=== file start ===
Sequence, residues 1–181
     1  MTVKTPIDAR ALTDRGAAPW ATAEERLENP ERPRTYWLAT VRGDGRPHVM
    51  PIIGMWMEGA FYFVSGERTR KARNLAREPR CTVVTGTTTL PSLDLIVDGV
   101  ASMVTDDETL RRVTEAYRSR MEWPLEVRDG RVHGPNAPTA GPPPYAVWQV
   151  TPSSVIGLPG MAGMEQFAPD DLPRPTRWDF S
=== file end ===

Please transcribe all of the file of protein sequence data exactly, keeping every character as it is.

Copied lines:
Sequence, residues 1–181
     1  MTVKTPIDAR ALTDRGAAPW ATAEERLENP ERPRTYWLAT VRGDGRPHVM
    51  PIIGMWMEGA FYFVSGERTR KARNLAREPR CTVVTGTTTL PSLDLIVDGV
   101  ASMVTDDETL RRVTEAYRSR MEWPLEVRDG RVHGPNAPTA GPPPYAVWQV
   151  TPSSVIGLPG MAGMEQFAPD DLPRPTRWDF S